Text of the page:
So, what does this “fair use” doctrine really mean? As you might have guessed initially, nothing about the Lost Coast Tangerine Wheat trademark says that no one else can brew a tangerine wheat beer. That’s a given. And nothing about the trademark locks others from saying so on their labels. All the Lost Coast Tangerine Wheat trademark does is prevent users from using the mark (1) as a trademark in (2) a confusingly similar way. Lost Coast can’t control anyone’s use in the fair descriptive sense (think size, placement, styling, as discussed in the comments to this article). Of course, (expensive) battles can be fought over which is use is which, and that’s probably why Peddler decided to fuhgettaboutit and call it a Tangerine Hefeweizen, as depicted here from a post on Peddler’s Facebook page.
It might help to know, when does a use of a term become a trademark use? I posit that it can be a fine line in the beverage industry. Traditionally, one way you can test to see whether a given use is trademark use is applying the “brand” rule. If you can insert the word “brand” after the use and it makes sense, then that’s use as a trademark (so use your TM or Circle-R accordingly).
Example: These are the three Peddler Brewing employees.
The employees are not Peddler Brewing brand. They’re the company’s. That use isn’t being used as a mark.
Example: Peddler Brewing once brewed a tangerine wheat beer.
Okay, well this is a bit of a trick question. Peddler Brewing isn’t being used as a trademark here, and this one is going to come down to whether the use is as a mark. I have it in lowercase here. Would your opinion change if it was capitalized?
To that, it’s worth taking a look at this design for Lost Coast’s “Tangerine Wheat.” I recognize that the brewery likely made more independent use of the name “Tangerine Wheat” on tap lists and elsewhere, but do you think this use of “Tangerine Wheat” is necessarily as a trademark at all? Is “Tangerine Wheat” telling you, the consumer, anything about the source of this beer? Or is it “Lost Coast” who has a tangerine beer, or perhaps “Lost Coast Tangerine” (or, this example, “Tangerine”) that’s what’s forming your impression?
This gets at a peculiar question I’ve been mulling over for a while now, and would love to toss it out here for your thoughts. In beer, when is a style signifier being used as a brand, and when is it just a style signifier? Moreover, when does use as a brewery name + beer name become a unified mark forming a solitary consumer impression (independently or, at the very least, in addition to the brewery brand name and the beer brand name)? In some instances, it’s not quite as easy to discern. (Although, I will note, Sixpoint seeks trademarks for all of their beer names with their brewery name first and the beer name itself following, so it’s one unitary mark, e.g., “Sixpoint The Forager”; “Sixpoint Nasty Tyger Ale,” etc.). That’s a unitary brand. And, I’d argue that every brewery has common law rights to its unitary brands as well. For example, Russian River has a beer Pliny the Elder. If I release a “Russian Elder” beer, I think we’d have problems, because I believe Russian River has a common law claim to Russian River Pliny the Elder, and that’s just the point. But I’m getting away from the heart of this particular brewery trademark dispute. Some more relevant examples.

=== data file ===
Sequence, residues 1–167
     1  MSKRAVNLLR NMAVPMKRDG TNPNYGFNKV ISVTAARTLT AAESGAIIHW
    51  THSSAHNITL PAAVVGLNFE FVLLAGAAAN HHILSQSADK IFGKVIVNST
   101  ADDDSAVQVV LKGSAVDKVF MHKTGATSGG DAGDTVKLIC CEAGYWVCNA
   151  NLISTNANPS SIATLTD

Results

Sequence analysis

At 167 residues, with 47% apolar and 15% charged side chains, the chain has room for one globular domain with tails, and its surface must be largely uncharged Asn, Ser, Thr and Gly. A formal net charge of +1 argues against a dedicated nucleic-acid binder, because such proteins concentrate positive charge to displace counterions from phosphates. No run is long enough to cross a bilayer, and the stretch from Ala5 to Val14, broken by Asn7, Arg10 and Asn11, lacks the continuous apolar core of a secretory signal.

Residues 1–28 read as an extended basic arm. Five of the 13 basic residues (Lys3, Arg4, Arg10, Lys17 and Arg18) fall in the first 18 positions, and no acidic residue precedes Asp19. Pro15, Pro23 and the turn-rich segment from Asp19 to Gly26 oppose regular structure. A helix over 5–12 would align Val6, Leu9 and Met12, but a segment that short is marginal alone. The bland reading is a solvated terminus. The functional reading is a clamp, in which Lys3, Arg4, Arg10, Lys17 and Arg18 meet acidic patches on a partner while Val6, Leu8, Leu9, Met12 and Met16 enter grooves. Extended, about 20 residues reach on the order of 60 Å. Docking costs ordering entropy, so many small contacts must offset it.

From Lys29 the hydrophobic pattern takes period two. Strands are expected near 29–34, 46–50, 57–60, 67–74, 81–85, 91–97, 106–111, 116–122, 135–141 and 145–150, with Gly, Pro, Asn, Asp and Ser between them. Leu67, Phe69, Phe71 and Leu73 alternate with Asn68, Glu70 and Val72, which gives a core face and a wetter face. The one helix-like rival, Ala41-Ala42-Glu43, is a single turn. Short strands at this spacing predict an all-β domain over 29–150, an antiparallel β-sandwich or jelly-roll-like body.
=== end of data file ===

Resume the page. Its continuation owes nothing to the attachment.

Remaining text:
When you see it on a bottle, is Left Hand Milk Stout a brand all together? Is Sierra Nevada Pale Ale? Or do you see two brands there? Left Hand and Milk Stout? Sierra Nevada and Pale Ale? Certainly, in the RR/Pliny case, both brands are at work independently. As I noted above, I’d say they’re at work together too. But in the Left Hand Milk Stout instance, is Milk Stout doing any sort of independent branding work for you?
So, let’s return. Take a look at the label again. Do you see Peddler Brewing Tangerine Wheat brand beer? Or, do you see Peddler Brewing brand beer, in this instance a tangerine wheat. Or do you see two brands, Peddler Brewing brand beer and Tangerine Wheat brand beer, each pointing to the same source?
If what we have here is the unitary brewery trademark— Peddler Brewing Tangerine Wheat—would you even say it’s confusingly similar to “Tangerine Wheat”? Or, does the dominant leading portion of Peddler Brewing do enough to tell you about its source. Perhaps this gets to a deeper question, apart from the trademark registration, does “Tangerine Wheat” tell you anything about “Lost Coast”? Or is it always a Lost Coast Tangerine Wheat to you? Looking outside the beer industry, where we love naming individual beers, was it a Mountain Dew Code Red? Or both a Mountain Dew and a Code Red to you? Does your opinion change if it was Mountain Dew Code Red Soda? Assuming it was just Mountain Dew Red Soda, would they have extra rights to Red Soda if they had gotten to the term first? Wouldn’t “Red Soda” just be generic as what the product itself is? Is a beer always just a beer? Or is the beer style (a tangerine wheat) the generic product itself? I posit that a term like tangerine wheat, on the spectrum of distinctiveness, has a high risk of falling into the generic trap.
I think these issues of unitary marks are going to be an increasingly fascinating issue in the beer world. Take again my example of a hypothetical Russian Elder Brewing Company (Russian River / Pliny the Elder). Or a Three Dark Lord (Three Floyds / Dark Lord). Or even a Dog Minute (Dogfish Head / 90 Minute).